My experience is that line noise does not drop off quickly at the lower
frequencies. I wonder if you are just hitting some resonant hot spot where the
HF noise peaks because of the RFradiating properties of the power line.
You really do need to move your search up in frequency. I find that six
meters is a prime band for power line noise. Good for finding noise, not so
good for operating there.
I like to do line noise chasing from my bicycle. (Yes, I know it's a bit
too cold and white in Boston right now :>) ). I have an ICOM IC-R10, with
a 2M 5/8 wave mounted on the metal rack in the rear. I program a frequency
for each ham band, 160M through 432MHz, with AM detection. Then I can
easily switch between bands. I find that on 10 or 6 meters, I hear noise
several hundred yards away. Maybe a hundred yards away on 2 meters, and pretty
much just from one pole on 432.
I also carry a 5L 432 yagi that I can hook up when I find a suspicious
pole. Aiming that, I can with confidence pick out a bad pole. Most, but not
all, problems can be heard at 432.
I also use my FT-7800 in the car, again with an AM detected frequency on 2
meters and 432. I have some noise problems from the car on 2M, but a
driveby of a noise source on 2 meters usually shows up +/- 3 poles or so. On
it's +/- one pole.
I also have a W1TRC ultrasonic noise detector, which adds a whole extra
level of detection confidence. But that's another story.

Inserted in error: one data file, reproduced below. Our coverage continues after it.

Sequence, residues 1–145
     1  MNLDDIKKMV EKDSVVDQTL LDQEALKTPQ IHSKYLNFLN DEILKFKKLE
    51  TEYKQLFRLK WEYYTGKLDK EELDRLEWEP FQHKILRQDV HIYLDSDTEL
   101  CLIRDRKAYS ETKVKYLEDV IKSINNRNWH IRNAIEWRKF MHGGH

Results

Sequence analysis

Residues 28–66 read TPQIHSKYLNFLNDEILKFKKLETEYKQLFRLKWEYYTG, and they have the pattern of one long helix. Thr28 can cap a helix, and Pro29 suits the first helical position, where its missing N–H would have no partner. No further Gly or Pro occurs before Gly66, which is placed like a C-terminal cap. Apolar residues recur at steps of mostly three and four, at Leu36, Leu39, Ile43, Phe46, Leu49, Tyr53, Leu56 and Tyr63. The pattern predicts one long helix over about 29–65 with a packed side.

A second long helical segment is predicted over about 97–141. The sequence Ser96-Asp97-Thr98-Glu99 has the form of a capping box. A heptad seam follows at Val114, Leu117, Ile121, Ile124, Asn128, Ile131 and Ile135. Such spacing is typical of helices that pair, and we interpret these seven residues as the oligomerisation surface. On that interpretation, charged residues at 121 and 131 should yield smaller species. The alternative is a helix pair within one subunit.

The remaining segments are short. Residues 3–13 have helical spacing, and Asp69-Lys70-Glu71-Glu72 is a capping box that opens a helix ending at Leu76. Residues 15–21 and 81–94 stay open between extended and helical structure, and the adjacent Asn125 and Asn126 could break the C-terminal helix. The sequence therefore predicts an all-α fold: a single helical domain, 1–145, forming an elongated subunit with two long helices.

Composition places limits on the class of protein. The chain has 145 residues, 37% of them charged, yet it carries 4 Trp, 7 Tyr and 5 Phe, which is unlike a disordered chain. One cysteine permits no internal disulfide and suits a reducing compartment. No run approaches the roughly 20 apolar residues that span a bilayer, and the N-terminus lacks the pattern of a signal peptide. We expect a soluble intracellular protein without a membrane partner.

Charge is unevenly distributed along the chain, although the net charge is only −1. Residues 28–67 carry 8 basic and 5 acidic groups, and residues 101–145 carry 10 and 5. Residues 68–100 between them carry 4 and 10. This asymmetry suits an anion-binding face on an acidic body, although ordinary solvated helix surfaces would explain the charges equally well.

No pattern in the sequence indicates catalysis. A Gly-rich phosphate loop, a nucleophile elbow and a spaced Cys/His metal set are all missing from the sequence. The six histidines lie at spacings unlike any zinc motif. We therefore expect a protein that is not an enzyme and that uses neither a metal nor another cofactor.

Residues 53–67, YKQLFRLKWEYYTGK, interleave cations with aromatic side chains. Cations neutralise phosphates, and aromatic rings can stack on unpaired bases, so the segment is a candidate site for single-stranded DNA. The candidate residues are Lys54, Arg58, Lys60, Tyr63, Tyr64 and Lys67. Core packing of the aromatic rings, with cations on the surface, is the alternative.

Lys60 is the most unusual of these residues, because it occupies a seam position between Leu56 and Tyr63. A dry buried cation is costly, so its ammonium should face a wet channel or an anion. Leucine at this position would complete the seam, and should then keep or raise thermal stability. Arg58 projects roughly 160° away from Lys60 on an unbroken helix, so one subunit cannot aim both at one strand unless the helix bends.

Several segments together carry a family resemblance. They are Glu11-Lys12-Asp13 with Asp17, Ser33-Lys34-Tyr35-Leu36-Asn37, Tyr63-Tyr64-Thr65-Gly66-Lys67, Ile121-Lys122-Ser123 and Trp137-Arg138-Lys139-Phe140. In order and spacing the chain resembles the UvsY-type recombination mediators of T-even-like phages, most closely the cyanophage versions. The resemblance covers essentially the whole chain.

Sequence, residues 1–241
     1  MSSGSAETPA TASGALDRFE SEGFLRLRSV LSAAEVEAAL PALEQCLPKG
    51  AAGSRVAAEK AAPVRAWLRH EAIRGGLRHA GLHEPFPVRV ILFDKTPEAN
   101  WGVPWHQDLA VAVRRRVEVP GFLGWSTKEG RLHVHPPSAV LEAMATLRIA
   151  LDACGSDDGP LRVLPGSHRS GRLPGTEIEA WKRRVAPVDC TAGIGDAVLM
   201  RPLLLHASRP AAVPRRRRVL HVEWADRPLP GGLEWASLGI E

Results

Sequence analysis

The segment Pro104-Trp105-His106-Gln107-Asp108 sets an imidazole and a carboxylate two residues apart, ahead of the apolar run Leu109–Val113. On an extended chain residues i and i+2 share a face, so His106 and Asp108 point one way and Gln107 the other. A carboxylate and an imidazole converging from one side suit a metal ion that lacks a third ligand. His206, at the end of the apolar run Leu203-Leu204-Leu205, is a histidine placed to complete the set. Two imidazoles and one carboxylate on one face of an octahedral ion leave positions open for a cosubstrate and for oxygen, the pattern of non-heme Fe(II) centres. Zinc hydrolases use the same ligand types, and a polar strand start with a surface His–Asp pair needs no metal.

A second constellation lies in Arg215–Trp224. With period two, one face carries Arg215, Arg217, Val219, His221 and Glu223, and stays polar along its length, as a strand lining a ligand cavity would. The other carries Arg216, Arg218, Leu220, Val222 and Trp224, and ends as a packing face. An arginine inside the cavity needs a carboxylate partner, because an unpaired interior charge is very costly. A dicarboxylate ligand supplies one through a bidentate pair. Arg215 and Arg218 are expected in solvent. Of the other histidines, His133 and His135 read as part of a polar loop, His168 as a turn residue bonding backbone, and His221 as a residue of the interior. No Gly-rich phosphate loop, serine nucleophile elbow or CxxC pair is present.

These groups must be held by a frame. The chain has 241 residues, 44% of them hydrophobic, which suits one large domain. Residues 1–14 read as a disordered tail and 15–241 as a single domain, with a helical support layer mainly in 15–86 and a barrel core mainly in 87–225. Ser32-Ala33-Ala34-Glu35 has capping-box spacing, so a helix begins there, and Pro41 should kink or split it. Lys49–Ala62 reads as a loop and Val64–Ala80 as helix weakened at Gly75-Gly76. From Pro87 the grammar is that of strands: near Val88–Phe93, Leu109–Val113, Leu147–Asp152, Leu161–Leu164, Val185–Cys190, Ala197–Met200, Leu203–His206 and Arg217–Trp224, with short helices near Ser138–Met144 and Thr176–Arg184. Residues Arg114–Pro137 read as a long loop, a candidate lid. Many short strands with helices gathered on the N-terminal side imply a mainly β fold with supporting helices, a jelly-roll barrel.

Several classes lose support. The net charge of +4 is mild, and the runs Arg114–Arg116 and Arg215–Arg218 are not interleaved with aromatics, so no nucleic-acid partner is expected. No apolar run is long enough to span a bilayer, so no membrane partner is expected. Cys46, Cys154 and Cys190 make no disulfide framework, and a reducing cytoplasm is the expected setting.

73 - Jim K8MR
In a message dated 2/8/2010 2:26:12 P.M. Eastern Standard Time,
Using a higher frequency is helpful in pinpointing the problem. This noise
is very wide spectrum.
I use 33cm am equipment for this purpose as HF signals travel well along
The possibility of a ground wire on the transformer pole will make the
RFI appear louder when sampled at ground level near the pole.
Transformers are rarely the cause of RFI. An internal arcing may not be
detected with an ultrasound detector.
Transformers are often suspected because it's "the biggest thing up there."
Any loose connection in close field proximity to the HV circuits can cause
sparking between the metal parts.
Wooden construction may shrink over time and just tightening the hardware
can solve this problem.
Sometimes striking the affected pole (Watch your head! Junk may fall.)
with a large hammer or mallet can change or even temporarily stop the noise.
73, Don, W6YN
---------- Original Message ----------
From: Ash Thornton <email@example.com>
Subject: [RFI] Power line noise
Date: Mon, 8 Feb 2010 13:36:08 -0500
I found the posting from Corn country interesting.
I have a situation that also seems to appear with the cold weather,
appears to be limited to a stretch of poles that dead end near my
QTH. I found it with a loop cut for 7Mhz and a K3. Several other hams
in the local neighborhood have the same noise problem I am seeing,
160-40. I see S9 +20-30 noise under several poles and then drops off
rapidly as I move along the line.
NStar the utility her near Boston has been checking this problem for
several weeks. They use a ultra sound detector which has shown
nothing. Several of there grounds are suspect and they will add
additional grounds. A question, anyone know how to recognize a pole
transformer failing?The noise seemed to peak on an AM radio just
under one of them. NStar is coming back tomorrow to look again before
they send out a maintenance crew for the grounds. I am getting a
little worried because if it is not a ground problem they are saying
nothing they can do as they see no arcing.
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